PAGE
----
Carlos Pena would be Adam Dunn-like for Chicago Cubs
[picappgallerysingle id="9299643"]Carlos Pena or Adam LaRoche for the Chicago Cubs?
These strongmen lefty-hitting first basemen seem the Cubs’ main options to fill the gaping hole at first base. The reports du jour claim the Cubs have targeted LaRoche, while Pena’s salary might be a bit strong for GM Jim Hendry to swallow.
A comparison is in order here. If acquiring an Adam Dunn-style hitter who actually can field a grounder or pick a low throw out of the dirt — unlike the hulking Dunn, now a White Sox designated hitter — then Pena’s your man.
Pena’s numbers most closely mimic Dunn’s. Near-40-homer power, tons of strikeouts, lots of walks and a high on-base percentage. Falling below the Mendoza line in 2010 makes many queasy, but Pena was not a high-average guy anyway. His 46-homer peak in 2007 matched Derrek Lee’s 2005 dream season. But, unlike Lee, Pena approached his best production in succeeding seasons and did not suffer a massive power outage.
LaRoche has played on four teams in the past two seasons. For whatever reason, he’s never established a nice run with one franchise like Pena with the Rays. His career-high 100-RBI production last year is attractive, but he seems a cut below Pena overall as a run-maker. He’ll have almost a two-year age advantage on Pena, who turns 33 early next season.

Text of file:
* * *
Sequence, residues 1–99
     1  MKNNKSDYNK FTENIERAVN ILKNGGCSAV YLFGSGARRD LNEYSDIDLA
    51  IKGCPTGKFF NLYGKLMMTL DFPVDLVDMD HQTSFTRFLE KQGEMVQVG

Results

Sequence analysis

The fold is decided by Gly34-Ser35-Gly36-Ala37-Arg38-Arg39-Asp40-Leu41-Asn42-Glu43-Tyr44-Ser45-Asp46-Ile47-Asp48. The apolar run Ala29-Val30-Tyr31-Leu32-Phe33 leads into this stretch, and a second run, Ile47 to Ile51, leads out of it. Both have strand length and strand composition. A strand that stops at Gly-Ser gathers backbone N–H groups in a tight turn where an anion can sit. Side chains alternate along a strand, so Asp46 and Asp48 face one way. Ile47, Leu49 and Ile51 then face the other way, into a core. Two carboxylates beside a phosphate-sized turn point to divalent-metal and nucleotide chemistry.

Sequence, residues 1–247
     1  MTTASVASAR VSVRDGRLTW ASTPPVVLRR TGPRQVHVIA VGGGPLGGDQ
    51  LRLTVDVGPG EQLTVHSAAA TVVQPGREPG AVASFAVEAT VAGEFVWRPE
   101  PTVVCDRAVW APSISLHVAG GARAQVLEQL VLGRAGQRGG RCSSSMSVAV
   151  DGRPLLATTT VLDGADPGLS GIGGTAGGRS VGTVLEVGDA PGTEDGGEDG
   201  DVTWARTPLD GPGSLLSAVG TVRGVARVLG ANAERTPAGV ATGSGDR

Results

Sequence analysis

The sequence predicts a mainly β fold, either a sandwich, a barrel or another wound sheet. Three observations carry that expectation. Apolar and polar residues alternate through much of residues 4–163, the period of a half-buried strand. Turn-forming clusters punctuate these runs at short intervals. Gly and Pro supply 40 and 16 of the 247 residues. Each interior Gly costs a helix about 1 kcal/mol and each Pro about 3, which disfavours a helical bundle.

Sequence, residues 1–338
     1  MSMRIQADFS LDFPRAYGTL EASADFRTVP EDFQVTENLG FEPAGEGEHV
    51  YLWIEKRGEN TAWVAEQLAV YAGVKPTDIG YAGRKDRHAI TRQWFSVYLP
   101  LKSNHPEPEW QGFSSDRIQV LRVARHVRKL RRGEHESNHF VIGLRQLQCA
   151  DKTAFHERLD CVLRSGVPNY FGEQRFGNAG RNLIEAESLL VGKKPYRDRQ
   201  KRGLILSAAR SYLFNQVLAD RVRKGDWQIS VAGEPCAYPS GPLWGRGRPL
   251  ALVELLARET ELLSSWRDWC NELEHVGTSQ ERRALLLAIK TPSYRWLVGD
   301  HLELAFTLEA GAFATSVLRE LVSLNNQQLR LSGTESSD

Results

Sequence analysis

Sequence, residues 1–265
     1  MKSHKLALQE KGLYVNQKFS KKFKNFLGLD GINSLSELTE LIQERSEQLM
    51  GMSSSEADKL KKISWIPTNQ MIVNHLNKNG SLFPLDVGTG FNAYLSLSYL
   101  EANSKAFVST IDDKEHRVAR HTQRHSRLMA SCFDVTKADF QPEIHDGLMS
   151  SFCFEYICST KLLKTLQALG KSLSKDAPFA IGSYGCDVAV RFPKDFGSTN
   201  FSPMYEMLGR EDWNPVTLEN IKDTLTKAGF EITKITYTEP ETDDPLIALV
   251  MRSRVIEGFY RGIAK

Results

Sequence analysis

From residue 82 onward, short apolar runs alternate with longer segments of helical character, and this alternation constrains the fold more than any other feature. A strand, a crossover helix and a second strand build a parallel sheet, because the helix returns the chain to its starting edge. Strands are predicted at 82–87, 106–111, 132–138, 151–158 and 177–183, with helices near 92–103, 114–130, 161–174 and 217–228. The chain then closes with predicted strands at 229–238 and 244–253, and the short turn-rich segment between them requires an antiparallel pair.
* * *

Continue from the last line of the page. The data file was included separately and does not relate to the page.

The Cubs almost have to consider at least a two-year deal for their first-base quarry. Nobody is coming up through the system that could be pegged as a legit prospect at the position. Tyler Colvin shifting over from the outfield would be counterproductive. Colvin’s still learning his own strike zone and doesn’t need the burden of such a defensive switch from status as an athletic outfielder to muddy up his psyche.
Either way, neither Pena nor LaRoche will excite the disenchanted Cubs masses, certainly not in a division featuring first basemen like Albert Pujols, Joey Votto and (for now) Prince Fielder.
There may be a blessed day in the mid-future when the Cubs will come up with their own home-grown big bopper at first, and with a quicker bat than Hee-Seop Choi, the last hyped first-sacker prospect. Until then, they’re stuck kicking the tires on thirtysomething middle-level guys like LaRoche or comeback-kid hopefuls like Pena. We’ll have more about the prognosis for the recovering, but still-not-there flow of home-grown talent from Cubs scouting director Tim Wilken in an upcoming post.
If LaRoche arrives, I’ll vouch I am getting old. I saw his dad, Dave LaRoche, pitch for the Cubs in 1973-74. Possessed of a decent fastball, the elder LaRoche came under pressure from team brass to throw harder. They thought he was near Nolan Ryan speed. He buckled amid the incompetence at the time, and escaped to have a pretty good bullpen career before siring two major-league sons, Adam and Andy.
And if the younger LaRoche is encamped at first base in Wrigley Field in 2011, may the honchos lay off and not expect him to produce 35 to 40 homers. Ain’t gonna happen, and don’t cloud the guy’s mind with unfair expectations. History tends to repeat itself in the Cubs Universe.